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5 Pillars of Strategic Events

Hosting strategic events is critical to delivering results – for the organizations hosting them, the planners executing them and the attendees learning, networking and solving problems at them. It may seem obvious given the economic, cultural, academic and social influence events have; however, the event community has recently started talking more in-depth about hosting more strategic events on a wider scale. So, what makes your event strategic? Here are my five pillars:

1. Ask “why?”

This is the first - and most important - step to take. The answer will define the rest of event planning process and guide you in every decision you’ll need to make while planning, executing and analyzing it. Why do you need to organize the event? Why should perspective participants attend? Why do you think it is worth the effort to attend?  Ask yourself, your team, the event owner and your customers.

2. Align events with your organization’s strategy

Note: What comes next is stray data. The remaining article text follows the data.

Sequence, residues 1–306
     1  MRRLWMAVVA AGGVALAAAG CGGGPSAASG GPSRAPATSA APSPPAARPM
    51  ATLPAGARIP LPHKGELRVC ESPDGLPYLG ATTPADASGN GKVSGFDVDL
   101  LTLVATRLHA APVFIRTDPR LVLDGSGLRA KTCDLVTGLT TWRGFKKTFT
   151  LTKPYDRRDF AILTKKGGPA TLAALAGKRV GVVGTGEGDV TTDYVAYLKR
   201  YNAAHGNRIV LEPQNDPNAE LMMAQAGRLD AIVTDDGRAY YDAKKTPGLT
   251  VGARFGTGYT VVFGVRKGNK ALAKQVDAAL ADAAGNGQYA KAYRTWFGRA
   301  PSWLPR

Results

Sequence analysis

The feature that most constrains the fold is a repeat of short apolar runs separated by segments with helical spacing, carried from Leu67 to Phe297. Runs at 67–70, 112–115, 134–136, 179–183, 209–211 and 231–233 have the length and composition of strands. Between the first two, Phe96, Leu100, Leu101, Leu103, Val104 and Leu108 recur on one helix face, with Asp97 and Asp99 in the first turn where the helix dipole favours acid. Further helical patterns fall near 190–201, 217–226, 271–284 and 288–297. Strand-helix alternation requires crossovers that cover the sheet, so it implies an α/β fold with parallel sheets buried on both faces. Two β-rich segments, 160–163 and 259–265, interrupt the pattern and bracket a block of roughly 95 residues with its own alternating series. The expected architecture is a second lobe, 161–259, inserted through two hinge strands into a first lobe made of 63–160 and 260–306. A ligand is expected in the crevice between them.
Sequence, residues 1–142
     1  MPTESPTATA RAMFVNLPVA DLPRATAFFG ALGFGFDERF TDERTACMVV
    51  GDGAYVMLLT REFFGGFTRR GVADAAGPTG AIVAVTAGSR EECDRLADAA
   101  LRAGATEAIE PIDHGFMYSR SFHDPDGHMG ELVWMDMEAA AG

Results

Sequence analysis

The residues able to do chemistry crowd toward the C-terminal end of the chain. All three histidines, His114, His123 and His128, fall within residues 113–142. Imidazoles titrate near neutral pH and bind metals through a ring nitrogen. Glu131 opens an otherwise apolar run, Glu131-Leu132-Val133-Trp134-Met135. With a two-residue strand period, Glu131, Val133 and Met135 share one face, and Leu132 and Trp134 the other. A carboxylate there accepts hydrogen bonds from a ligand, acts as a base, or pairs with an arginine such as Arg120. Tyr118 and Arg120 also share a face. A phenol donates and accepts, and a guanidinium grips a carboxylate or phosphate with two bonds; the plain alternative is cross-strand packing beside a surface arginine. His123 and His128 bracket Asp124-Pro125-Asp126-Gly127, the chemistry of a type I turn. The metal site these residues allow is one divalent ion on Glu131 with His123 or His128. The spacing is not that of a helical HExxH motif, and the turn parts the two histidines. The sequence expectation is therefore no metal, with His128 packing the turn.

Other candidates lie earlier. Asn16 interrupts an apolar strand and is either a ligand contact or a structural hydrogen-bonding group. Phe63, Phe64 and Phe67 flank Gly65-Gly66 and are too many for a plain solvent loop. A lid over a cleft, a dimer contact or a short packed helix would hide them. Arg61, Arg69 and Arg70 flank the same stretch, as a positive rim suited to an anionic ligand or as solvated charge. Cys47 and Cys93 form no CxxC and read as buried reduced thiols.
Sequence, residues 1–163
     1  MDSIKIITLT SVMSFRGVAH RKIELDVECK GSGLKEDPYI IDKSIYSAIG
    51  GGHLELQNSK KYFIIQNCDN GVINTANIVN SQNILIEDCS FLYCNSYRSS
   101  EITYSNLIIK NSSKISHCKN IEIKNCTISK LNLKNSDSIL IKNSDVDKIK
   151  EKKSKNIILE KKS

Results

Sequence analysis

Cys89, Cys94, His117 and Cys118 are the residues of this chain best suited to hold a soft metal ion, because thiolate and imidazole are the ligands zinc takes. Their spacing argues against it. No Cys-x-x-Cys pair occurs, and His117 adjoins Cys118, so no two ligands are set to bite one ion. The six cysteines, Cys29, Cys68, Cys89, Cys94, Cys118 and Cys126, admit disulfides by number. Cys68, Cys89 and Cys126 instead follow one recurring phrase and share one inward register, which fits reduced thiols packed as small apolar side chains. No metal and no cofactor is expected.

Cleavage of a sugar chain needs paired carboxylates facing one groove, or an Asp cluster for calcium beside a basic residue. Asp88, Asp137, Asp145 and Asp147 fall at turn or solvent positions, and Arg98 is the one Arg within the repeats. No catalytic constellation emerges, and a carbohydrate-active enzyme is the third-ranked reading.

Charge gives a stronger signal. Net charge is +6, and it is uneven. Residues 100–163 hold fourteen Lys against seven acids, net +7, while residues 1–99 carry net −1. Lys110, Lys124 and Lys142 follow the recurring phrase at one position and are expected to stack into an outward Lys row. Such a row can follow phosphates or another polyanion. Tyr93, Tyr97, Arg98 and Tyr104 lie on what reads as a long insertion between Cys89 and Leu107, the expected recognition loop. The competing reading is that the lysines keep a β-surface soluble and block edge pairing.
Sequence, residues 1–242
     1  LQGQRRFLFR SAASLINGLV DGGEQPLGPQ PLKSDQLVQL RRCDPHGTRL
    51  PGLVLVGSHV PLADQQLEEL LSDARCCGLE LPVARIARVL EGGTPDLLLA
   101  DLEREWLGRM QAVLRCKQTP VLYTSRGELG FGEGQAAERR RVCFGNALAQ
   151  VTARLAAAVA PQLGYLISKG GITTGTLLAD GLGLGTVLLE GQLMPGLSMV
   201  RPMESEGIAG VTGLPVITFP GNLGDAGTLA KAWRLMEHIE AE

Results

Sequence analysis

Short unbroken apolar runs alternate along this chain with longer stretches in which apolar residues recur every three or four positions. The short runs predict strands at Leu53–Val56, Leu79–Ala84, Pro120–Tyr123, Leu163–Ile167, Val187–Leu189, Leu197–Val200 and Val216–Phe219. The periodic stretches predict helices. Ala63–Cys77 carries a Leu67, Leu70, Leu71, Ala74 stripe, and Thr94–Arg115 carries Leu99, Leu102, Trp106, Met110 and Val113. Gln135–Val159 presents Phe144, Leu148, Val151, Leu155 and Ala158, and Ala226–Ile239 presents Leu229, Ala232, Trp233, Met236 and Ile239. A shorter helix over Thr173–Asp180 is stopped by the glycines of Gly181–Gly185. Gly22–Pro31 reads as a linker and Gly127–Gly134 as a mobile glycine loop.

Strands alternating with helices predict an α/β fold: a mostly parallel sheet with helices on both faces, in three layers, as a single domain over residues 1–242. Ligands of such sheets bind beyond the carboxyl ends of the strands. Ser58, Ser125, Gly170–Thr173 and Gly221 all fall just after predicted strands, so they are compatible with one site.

Organizing events is time-consuming, and yet their contribution to the success of the business can be huge. With that in mind, identify what role events play in the company’s development. The only way events’ potential could be used to the fullest is to interweave them into what the company is already trying to achieve, and not to have them exist in isolation from an organization’s general strategy and mission.

3. Pay attention to details

Small details and nuances spread throughout an event are able to tell your audience how much you care and how much effort you’ve put into it. The details can be as big as a family-friendly concept woven into the event canvas or as small as a creative badge or a reminder included in the email with health and wellness recommendations. There are no set rules for which detail you should incorporate. What matters is a mindset that implies details matter: not for their own sake but rather as part of your thoughtful approach.

4. Put yourself in attendees’ shoes

There is no shortage in methods to find out what your attendees want, think and - thanks technology! - even feel. Use whatever is available to you as well as your knowledge and creativity, to understand your participants’ stance, what affects their participation, what drives them and what would make them come back.

5. Reflect on lessons learned

Reflection is powerful. It helps turn thoughts into actions; understand pitfalls and update current strategies and methods. Use it as much as possible and on all possible levels: for yourself, with your team, event stakeholders and audiences. That way you’ll be able to get the most comprehensive collection of ideas on how to execute your next event even more successfully.